Opinion piece: ‘Forces of justice’ — being Jewish in South Africa today

In 2002, whilst I was working for Cape Town Tourism, I went to the World Travel Market in London. Settling into my seat on the airplane, the girl next to me introduced herself. Her name was Nalah, she proudly proclaimed, and she was Palestinian. “What’s your background, Sheryl?”

There it was. The question. Who, or what, was I really? She knew I was South African but did she know I was Jewish? This was during the second Palestinian intifada, a time of suicide bombings and army airstrikes, and I’d heard enough shouting matches on Cape Talk to know I didn’t want to be accused of war crimes in the cramped seat of a 737. “My family’s from Eastern Europe,” I told her, and when she prodded for more, I countered with “Poland, Lithuania, who knows, it was a long time ago.” After a few minutes of ducking and weaving she saw I wasn’t going to play the game, and we both turned to the in-flight movie. Thankfully it wasn’t Munich.

Anyway that particular incident and my uncertain response gave rise to me asking myself why I could not say that I was Jewish with pride and in celebration, as I could, at last, say about being South African. I knew that I wanted being a Jewish South African to mean that I could shake the world, change it, improve it.

I realised then that my version of Judaism, was that I was doing Jewish as a South African as opposed to being Jewish. I observed all the high holidays, the life cycle events, the keeping and the observing and the active doing of Jewish. But, surely, I asked myself, these acts alone did not define what being Jewish in South Africa really meant? I didn’t just want to do Jewish, I wanted to be Jewish. I recall writing some of my thoughts down:

1. The be of being Jewish is in the way we actively struggle to make this a better country. We are ‘most Jewish’ when we serve in a soup kitchen in Khayelitsha, or help those who experience xenophobia, or when the Board makes statements on moral issues that then inspire us to participate in transforming this country.
2. How many South African Jews are frightened of really being Jewish in a country where the spectre of antisemitism makes many of us cautious of drawing attention to ourselves? But Shelby Steele has written about the romanticisation of victimhood, and warns against a ‘victim mentality’ in which “being a victim gives you a perverse sort of ‘status.’”

If we Jews are not to enjoy that kind of ‘perverse status’ then Judaism must be an affirmation rather than a negation, and we will need something to replace the centrality of our suffering.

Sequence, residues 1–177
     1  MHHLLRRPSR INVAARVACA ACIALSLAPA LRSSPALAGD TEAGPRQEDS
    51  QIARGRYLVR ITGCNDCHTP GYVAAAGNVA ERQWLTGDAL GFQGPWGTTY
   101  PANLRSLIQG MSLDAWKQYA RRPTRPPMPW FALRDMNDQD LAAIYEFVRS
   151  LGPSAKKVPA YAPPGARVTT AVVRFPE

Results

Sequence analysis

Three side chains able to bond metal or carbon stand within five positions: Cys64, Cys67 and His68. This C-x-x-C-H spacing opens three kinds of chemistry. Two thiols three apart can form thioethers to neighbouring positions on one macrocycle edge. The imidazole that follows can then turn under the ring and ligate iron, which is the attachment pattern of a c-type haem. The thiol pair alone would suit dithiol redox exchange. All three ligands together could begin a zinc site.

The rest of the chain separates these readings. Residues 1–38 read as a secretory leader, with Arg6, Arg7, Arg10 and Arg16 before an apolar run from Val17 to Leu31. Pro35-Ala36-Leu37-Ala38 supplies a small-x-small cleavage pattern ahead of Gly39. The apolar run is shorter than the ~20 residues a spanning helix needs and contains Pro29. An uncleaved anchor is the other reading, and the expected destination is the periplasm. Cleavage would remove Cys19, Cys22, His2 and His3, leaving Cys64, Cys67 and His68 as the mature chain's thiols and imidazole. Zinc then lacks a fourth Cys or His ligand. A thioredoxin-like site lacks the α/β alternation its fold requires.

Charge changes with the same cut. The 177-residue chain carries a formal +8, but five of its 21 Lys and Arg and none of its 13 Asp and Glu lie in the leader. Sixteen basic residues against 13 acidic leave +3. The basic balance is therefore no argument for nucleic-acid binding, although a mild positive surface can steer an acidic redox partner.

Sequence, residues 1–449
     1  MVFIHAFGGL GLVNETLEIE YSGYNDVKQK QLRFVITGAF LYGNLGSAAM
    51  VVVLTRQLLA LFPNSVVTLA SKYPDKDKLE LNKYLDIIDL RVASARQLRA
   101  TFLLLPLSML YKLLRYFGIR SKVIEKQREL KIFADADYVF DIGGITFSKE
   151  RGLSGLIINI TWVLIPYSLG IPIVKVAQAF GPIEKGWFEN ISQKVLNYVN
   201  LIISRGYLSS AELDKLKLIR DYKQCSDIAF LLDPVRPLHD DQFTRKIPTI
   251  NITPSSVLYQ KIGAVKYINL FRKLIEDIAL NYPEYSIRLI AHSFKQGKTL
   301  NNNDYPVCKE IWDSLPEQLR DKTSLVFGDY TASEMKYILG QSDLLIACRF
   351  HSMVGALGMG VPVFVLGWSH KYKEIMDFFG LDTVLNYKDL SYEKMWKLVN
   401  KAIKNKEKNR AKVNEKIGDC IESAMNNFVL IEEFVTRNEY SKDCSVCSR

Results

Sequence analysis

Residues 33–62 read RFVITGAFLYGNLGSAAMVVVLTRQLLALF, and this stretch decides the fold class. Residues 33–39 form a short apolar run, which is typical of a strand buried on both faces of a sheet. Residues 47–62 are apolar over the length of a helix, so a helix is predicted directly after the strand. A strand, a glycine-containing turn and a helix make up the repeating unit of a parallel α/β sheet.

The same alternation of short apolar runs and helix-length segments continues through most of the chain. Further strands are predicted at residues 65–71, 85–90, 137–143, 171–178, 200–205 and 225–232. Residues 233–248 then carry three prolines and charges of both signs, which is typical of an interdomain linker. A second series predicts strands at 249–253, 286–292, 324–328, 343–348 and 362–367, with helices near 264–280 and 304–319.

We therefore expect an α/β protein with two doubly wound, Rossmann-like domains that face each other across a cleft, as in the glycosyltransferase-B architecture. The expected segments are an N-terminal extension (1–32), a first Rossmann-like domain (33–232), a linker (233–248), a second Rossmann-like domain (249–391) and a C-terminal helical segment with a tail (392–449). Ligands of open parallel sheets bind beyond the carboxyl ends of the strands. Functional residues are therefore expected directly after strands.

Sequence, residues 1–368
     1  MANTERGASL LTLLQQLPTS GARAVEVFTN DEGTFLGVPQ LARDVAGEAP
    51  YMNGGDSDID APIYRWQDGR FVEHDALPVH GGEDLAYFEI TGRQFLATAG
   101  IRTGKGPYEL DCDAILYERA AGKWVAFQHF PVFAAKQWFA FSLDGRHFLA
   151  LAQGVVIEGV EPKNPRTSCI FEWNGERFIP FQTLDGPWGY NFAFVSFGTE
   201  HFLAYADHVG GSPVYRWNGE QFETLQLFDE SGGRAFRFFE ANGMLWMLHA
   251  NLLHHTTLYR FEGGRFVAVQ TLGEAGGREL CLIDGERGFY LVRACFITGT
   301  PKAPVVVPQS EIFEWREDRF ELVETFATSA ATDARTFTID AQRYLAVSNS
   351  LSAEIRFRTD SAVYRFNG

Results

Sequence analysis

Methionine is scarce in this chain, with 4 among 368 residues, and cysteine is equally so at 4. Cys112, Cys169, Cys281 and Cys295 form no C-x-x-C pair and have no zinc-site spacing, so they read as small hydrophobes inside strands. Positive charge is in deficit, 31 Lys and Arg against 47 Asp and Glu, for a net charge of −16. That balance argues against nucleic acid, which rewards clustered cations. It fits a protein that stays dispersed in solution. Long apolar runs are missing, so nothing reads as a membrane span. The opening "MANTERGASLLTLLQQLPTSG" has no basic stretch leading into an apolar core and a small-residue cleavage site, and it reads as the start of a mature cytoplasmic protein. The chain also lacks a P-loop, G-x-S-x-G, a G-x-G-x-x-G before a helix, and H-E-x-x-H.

3. The be of being Jewish in South Africa is in having a sense of Jewish purpose — a strong and positive reason to be Jewish. The ‘joy’ of being Jewish, not the ‘oy’ of being Jewish. We have to, or we will be nothing more than an ethnic group of collective kvetchers.

The next generation of Jewish South Africans needs something strong, young, self-assured, hip, horizon-stretching, risky and innovative; positive role models who have the courage to challenge the status quo with all its accepted wisdom. It will take people in our community willing to fund experimental programmes. It will take Jewish organisations willing to broaden their missions and re-evaluate their mandates. It will take partnerships we have not yet begun to imagine. It will take ‘idea people’ who don’t get shot down by naysayers. It will take honest discussions with wider and more diverse audiences, as we move stretch our own horizons.

I’ve already seen the seeds of this ‘Jewish renaissance’ in South Africa in Limmud; in the Jewish Outlook for gay and lesbian Jews; in outreach programmes, and in the egalitarian shul. In my opinion, only a Jewish renaissance in South Africa will give the next generation of Jews a shared sense of Jewish purpose.

4. From the very beginning of Jewish time, there have been insiders and outsiders. The banishment of Abraham’s son, Ishmael, and his mother Hagar, is an example. Another is the Rambam (Maimonides) who challenged the practice of Judaism during his time, and in so doing, forced change.

During Pesach we are taught, ‘Remember the stranger, for you were strangers in the Land of Egypt’. You’d be forgiven for thinking that this has little to do with us being Jewish in South Africa today. Well it is about us. It’s about the lines drawn in the South African Jewish community. It’s about Jews alienated, pushed out, the Hagars amongst us. Judaism can be very insular; it doesn’t happily bring in people who are different. Attempts to challenge the community are small and dispersed and might not be sustainable without a real force behind them. Success is dependent on the community’s willingness to debate its shifting identity, to broaden its boundaries and to create new content that celebrates diversity, inclusivity, tolerance and openness. It is the challenge that we need to face in order to maintain our viability and creativity. I acknowledge that we are starting to see the community becoming more actively involved in wider social issues in South Africa. There is a much greater consciousness and much greater outreach. But why we do not have frank and open discussions with a wider audience? Imagine reflecting on the Jewish experience with respect to poverty alleviation, respecting women, fostering entrepreneurship, assisting to implement more effective governance and the like?

5. We might ask ourselves: In what ways are we Jews forces of justice, not just for Jews but for all South Africans? Jews in South Africa should not be forced to choose between a loyalty to their own people and a loyalty to universal ideals. As Jews, we come from a great humanist tradition of justice and sympathy for the downtrodden. If we understand this heritage and use it to build a better future for all South Africans and people of this world, I believe there is nothing that we cannot accomplish.